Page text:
ISIS Executions Signal Sunni Infighting in Iraq

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The bodies of 12 men were found in the Iraqi town of Saadiya, north of Baghdad on Monday, as infighting between Sunni insurgents intensifies and threatens the Islamic State's advancement on Baghdad. 

The killings, which appeared to be executions, represent a growing divide between ISIS and other Sunni insurgents, particularly the Naqshbandi Army, a group believed to be led by former Sadam Hussein deputy Ezzat Ibrahim al-Douri, the only top member of the dictator's entourage that has not yet been captured or killed since the U.S invasion in 2003. 

Local residents who discovered the bodies confirmed they were Naqshbandi fighters, and blamed ISIS for the killings, according to reporting from ABC News

The Islamic State relied heavily on support from Sunnis hoping to overthrow Prime Minister Nourial Maliki's Shiite government during their initial offensive in June. With the help of the Naqshbandi Army, ISIS overran northern cities and vowed to continue on towards Baghdad to establish a true Islamic State. Saadiya was overrun on June 10, the same day as Mosul, one of Iraq's largest cities.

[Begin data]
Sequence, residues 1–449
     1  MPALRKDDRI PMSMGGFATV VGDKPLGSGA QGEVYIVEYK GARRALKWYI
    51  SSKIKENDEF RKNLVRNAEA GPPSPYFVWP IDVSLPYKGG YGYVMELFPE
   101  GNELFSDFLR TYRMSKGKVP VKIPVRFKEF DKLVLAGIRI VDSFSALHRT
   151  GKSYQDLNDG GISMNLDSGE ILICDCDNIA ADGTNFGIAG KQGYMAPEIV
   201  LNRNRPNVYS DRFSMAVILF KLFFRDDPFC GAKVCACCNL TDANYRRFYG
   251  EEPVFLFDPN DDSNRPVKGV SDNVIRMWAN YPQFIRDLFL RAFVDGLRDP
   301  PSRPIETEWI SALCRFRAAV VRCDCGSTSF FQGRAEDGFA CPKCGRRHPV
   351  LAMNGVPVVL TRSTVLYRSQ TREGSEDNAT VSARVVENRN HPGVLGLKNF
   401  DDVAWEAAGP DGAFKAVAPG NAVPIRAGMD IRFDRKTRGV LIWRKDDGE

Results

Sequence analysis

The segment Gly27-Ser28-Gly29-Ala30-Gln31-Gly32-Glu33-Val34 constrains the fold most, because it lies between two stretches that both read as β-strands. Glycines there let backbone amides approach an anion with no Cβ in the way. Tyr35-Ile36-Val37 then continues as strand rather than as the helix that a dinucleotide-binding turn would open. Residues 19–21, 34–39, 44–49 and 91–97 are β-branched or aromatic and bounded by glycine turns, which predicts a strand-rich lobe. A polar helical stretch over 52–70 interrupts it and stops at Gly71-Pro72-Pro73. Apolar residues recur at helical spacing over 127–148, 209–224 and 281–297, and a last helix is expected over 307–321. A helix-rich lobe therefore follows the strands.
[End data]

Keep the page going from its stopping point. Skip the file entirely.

Tensions quickly rose when more moderate Sunnis clashed with ISIS over the Al-Qaeda offshoot's strict interpretation of Islam and rejection of national borders.  

Ahmad al-Zarghosi, a local government official who fled Saadiya, told Reuters he estimates that 90 percent of the population has moved north since fighting broke out between the Naqshbandi Army and Islamic State militants earlier in the week. 

Iraq's national army had been fighting the Islamic State over control of the nearby city of Sadur, which a Maliki spokesman said the army had retaken on Sunday. 

This article is from the archive of our partner The Wire.